Although social media can cause the negative consequences previously mentioned, there are also many positive effects that it can produce. For instance, in a study (Best, et al., 2014) people who, in general, have healthy relationships (on or offline) have better well-being than those who do not. In this same study, people who communicated with others (individuals they already know or otherwise) proved to have better self-confidence. These researchers noticed that conversing online aids young adults in self-discovery and helps people feel less isolated. Another study (Berryman, et al., 2018) had similar results which showed that people who have good self-image and already have support of family and friends are not negatively affected by social media.
Overall, researchers (O’reilly, et al., 2018) concluded that eliminating children’s use of social media will not necessarily cause them to be better off than others. They suggested that social media should be used in more constructive ways than used in destructive ways. This means that instead of using it to bully anonymously or to compare quality of life to others, it should be used for self-discovery and knowledge.
Researchers have studied many young adults to come to roughly the same conclusions: social media can be harmful when used wrongfully or enriching when used for positive purposes. Initially, I would have thought that no matter which way it is used, it would be harmful because of common overuse. However, social media seems to be a bad predictor for well-being. There can be many other reasons for poor well-being, such as poor nutrition, bad self-esteem, lack of a support system, loneliness, trauma, or mental illness. Based on these data previously presented, social media can be worse for people who have pre-existing issues in terms of poor well-being, which ultimately seems to be the cause for their misuse of it.
The goal of this particular study is to understand how social media use affects the students of Loyola University Chicago. It seems that most students are avid users of social media, meaning that these results will show the effects of social media when it is used very often. After analyzing previous studies of effects of social media on people roughly in the undergraduate age group, I still hypothesize that social media will be a good predictor of well-being. I hypothesize that students will generally be stressed or have poor well-being due to other possible causes such as exams, living on a student budget, and lack of a good sleep schedule. Most students, from what I have seen at Loyola University Chicago, are constantly on social media during class or in between classes. These same students probably tend to put off tasks, such as studying or paying attention in class, to use social media.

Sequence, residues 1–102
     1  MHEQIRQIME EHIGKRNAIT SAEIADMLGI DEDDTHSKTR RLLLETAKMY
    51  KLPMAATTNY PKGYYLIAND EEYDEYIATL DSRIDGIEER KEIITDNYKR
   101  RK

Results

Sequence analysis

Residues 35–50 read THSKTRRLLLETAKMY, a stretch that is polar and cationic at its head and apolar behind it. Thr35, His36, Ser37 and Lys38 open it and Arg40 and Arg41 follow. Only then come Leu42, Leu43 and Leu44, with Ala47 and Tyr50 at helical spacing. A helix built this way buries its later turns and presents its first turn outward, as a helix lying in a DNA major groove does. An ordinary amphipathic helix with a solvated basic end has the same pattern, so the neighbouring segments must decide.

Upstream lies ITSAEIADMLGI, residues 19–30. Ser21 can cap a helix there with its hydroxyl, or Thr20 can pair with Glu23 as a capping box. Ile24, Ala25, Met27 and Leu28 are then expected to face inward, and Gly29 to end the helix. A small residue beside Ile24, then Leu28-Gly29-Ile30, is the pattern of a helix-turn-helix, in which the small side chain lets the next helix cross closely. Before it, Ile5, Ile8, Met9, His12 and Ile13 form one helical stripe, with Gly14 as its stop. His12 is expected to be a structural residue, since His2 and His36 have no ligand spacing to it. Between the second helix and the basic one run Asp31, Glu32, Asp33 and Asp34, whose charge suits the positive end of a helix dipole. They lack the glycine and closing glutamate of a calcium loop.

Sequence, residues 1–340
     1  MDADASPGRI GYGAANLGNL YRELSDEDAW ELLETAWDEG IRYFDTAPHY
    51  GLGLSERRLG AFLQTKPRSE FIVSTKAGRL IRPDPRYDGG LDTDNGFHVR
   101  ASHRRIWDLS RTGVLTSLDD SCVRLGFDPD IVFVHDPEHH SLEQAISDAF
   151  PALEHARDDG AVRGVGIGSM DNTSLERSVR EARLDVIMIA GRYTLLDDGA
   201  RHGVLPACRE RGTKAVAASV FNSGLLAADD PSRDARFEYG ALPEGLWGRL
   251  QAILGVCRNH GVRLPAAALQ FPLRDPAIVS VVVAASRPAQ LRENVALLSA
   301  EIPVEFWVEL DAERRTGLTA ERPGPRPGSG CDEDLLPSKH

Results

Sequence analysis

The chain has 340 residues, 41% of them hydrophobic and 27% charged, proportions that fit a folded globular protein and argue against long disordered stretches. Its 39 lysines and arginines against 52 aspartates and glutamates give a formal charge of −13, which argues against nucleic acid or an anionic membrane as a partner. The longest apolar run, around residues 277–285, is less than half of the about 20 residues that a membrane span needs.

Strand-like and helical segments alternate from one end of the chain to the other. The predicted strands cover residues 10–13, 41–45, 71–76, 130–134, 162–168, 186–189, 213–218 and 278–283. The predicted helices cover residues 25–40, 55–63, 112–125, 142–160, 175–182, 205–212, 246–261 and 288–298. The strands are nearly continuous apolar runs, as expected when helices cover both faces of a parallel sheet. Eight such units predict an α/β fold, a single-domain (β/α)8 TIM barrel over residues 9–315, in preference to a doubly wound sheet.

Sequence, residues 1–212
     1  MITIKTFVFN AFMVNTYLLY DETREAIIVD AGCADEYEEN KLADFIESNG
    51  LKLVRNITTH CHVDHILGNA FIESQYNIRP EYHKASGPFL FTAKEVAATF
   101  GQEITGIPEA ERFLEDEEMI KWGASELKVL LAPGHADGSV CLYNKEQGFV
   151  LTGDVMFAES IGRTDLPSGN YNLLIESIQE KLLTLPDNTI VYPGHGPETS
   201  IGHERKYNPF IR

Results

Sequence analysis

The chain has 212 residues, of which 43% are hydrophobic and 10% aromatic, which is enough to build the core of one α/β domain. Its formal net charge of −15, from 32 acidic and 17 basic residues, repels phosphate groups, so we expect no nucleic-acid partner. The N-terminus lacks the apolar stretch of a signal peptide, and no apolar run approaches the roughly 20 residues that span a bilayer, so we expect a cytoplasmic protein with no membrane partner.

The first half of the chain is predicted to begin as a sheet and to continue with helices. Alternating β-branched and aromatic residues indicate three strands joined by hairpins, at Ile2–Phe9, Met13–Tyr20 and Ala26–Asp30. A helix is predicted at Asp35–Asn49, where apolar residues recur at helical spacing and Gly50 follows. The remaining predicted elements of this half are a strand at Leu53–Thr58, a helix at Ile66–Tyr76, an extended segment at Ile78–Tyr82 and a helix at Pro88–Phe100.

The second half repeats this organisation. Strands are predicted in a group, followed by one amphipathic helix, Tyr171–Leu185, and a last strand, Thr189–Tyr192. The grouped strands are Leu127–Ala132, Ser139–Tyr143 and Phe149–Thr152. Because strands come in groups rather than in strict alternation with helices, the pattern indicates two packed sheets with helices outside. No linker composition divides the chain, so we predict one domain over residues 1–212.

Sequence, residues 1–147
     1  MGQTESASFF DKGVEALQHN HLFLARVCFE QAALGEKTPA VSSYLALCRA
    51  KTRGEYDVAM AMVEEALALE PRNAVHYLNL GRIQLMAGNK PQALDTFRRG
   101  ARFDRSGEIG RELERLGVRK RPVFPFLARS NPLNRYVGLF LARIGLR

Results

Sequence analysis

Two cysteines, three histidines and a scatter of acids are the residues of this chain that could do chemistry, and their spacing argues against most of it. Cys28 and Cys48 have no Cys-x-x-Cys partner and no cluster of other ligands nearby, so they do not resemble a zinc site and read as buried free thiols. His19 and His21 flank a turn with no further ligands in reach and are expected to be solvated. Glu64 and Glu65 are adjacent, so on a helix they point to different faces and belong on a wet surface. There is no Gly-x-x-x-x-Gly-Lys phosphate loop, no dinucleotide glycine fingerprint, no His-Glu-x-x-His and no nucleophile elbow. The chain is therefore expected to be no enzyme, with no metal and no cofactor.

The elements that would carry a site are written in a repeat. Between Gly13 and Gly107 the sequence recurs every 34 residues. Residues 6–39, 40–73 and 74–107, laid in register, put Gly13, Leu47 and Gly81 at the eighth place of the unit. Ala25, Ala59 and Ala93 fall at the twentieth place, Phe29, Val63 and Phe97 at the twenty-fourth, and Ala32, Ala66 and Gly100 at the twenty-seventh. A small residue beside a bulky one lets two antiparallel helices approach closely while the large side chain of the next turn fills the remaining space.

It is tough to say whether or not social media will be the true cause of poor well-being in students. Due to the other possible stressors in students’ lives, I believe that our results will still show that social media usage has negative effects on well-being. It is possible that because of the age of our participants, and the society that they live in, they could compare themselves to people that they see online and therefore have a poor self-image, leading to poor well-being. Many factors must be taken into consideration when conducting this type of study.
- Alkan, H. & Doğan, B. (2018). A Research of The Relationship Between High School Students’ Social Media Usage and Their Well-Being. International Journal of Educational Research Review, 3, 97-102. doi: 10.24331/ijere.453889
- Berryman, C., Ferguson, C., & Negy, J. (2018). Social Media Use and Mental Health among Young Adults. Psychiatric Quarterly, 89, 307-314. doi: 10.1007/s11126-017-9535-6
- Best, P., Manktelow, R., & Taylor, B. (2014). Online communication, social media and adolescent wellbeing: A systematic narrative review. Children and Youth Services Review, 41, 27-36. doi: 10.1016/j.childyouth.2014.03.001
- Brooks, S. (2015). Does personal social media usage affect efficiency and well-being? Computers in Human Behavior, 46, 26-37. doi: 10.1016/j.chb.2014.12.053
- O’reilly, M., Dogra, N., Whiteman, N., Hughes, J., Eruyar, S., & Reilly, P. (2018). Is social media bad for mental health and wellbeing? Exploring the perspectives of adolescents. Clinical Child Psychology and Psychiatry, 23, 601-613. doi: 10.1177/1359104518775154